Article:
In Part I of this two-part investigation [J. Opt. Soc. Am. A22, 1200 (2005)], we presented a theory for phase-space propagation of time-harmonic electromagnetic fields in an anisotropic medium characterized by a generic wave-number profile. In this Part II, these investigations are extended to transient fields, setting a general analytical framework for local analysis and modeling of radiation from time-dependent extended-source distributions. In this formulation the field is expressed as a superposition of pulsed-beam propagators that emanate from all space-time points in the source domain and in all directions. Using time-dependent quadratic-Lorentzian windows, we represent the field by a phase-space spectral distribution in which the propagating elements are pulsed beams, which are formulated by a transient plane-wave spectrum over the extended-source plane. By applying saddle-point asymptotics, we extract the beam phenomenology in the anisotropic environment resulting from short-pulsed processing. Finally, the general results are applied to the special case of uniaxial crystal and compared with a reference solution.

  19. Local spectrum analysis of field propagation in an anisotropic medium. Part II. Time-dependent fields.

    PubMed

    Tinkelman, Igor; Melamed, Timor

    2005-06-01

    In Part I of this two-part investigation [J. Opt. Soc. Am. A 22, 1200 (2005)], we presented a theory for phase-space propagation of time-harmonic electromagnetic fields in an anisotropic medium characterized by a generic wave-number profile. In this Part II, these investigations are extended to transient fields, setting a general analytical framework for local analysis and modeling of radiation from time-dependent extended-source distributions. In this formulation the field is expressed as a superposition of pulsed-beam propagators that emanate from all space-time points in the source domain and in all directions. Using time-dependent quadratic-Lorentzian windows, we represent the field by a phase-space spectral distribution in which the propagating elements are pulsed beams, which are formulated by a transient plane-wave spectrum over the extended-source plane. By applying saddle-point asymptotics, we extract the beam phenomenology in the anisotropic environment resulting from short-pulsed processing. Finally, the general results are applied to the special case of uniaxial crystal and compared with a reference solution.

  20. Music in the exercise domain: a review and synthesis (Part II)

    PubMed Central

    Karageorghis, Costas I.; Priest, David-Lee

    2011-01-01

    Since a 1997 review by Karageorghis and Terry, which highlighted the state of knowledge and methodological weaknesses, the number of studies investigating musical reactivity in relation to exercise has swelled considerably. In this two-part review paper, the development of conceptual approaches and mechanisms underlying the effects of music are explicated (Part I), followed by a critical review and synthesis of empirical work (spread over Parts I and II). Pre-task music has been shown to optimise arousal, facilitate task-relevant imagery and improve performance in simple motoric tasks. During repetitive, endurance-type activities, self-selected, motivational and stimulative music has been shown to enhance affect, reduce ratings of perceived exertion, improve energy efficiency and lead to increased work output. There is evidence to suggest that carefully selected music can promote ergogenic and psychological benefits during high-intensity exercise, although it appears to be ineffective in reducing perceptions of exertion beyond the anaerobic threshold. The effects of music appear to be at their most potent when it is used to accompany self-paced exercise or in externally valid conditions. When selected according to its motivational qualities, the positive impact of music on both psychological state and performance is magnified. Guidelines are provided for future research and exercise practitioners. PMID:22577473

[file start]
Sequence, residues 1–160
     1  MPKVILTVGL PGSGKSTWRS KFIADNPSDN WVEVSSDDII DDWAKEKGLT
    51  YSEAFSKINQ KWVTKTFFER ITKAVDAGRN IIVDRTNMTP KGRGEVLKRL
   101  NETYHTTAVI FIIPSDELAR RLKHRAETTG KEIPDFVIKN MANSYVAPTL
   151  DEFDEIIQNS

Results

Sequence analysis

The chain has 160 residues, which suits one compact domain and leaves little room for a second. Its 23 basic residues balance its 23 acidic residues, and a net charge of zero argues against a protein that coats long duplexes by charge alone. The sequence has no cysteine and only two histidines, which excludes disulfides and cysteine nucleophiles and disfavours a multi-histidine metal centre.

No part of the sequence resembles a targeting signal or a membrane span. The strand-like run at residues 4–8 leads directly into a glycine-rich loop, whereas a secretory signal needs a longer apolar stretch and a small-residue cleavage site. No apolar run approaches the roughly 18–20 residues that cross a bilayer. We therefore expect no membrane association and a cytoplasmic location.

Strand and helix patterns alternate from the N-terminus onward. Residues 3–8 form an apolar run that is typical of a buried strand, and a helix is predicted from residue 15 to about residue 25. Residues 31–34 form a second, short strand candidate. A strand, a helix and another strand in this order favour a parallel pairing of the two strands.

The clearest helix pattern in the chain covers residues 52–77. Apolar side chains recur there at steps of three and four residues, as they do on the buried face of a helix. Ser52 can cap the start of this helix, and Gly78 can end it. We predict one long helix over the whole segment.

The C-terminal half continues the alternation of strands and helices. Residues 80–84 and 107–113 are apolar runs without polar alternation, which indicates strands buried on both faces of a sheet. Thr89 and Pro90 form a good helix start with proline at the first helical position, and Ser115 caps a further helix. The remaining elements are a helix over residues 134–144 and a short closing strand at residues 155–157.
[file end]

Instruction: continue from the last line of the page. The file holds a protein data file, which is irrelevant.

1. Biomechanics and muscle coordination of human walking: part II: lessons from dynamical simulations and clinical implications.

    PubMed

    Zajac, Felix E; Neptune, Richard R; Kautz, Steven A

    2003-02-01

    Principles of muscle coordination in gait have been based largely on analyses of body motion, ground reaction force and EMG measurements. However, data from dynamical simulations provide a cause-effect framework for analyzing these measurements; for example, Part I (Gait Posture, in press) of this two-part review described how force generation in a muscle affects the acceleration and energy flow among the segments. This Part II reviews the mechanical and coordination concepts arising from analyses of simulations of walking. Simple models have elucidated the basic multisegmented ballistic and passive mechanics of walking. Dynamical models driven by net joint moments have provided clues about coordination in healthy and pathological gait. Simulations driven by muscle excitations have highlighted the partial stability afforded by muscles with their viscoelastic-like properties and the predictability of walking performance when minimization of metabolic energy per unit distance is assumed. When combined with neural control models for exciting motoneuronal pools, simulations have shown how the integrative properties of the neuro-musculo-skeletal systems maintain a stable gait. Other analyses of walking simulations have revealed how individual muscles contribute to trunk support and progression. Finally, we discuss how biomechanical models and simulations may enhance our understanding of the mechanics and muscle function of walking in individuals with gait impairments.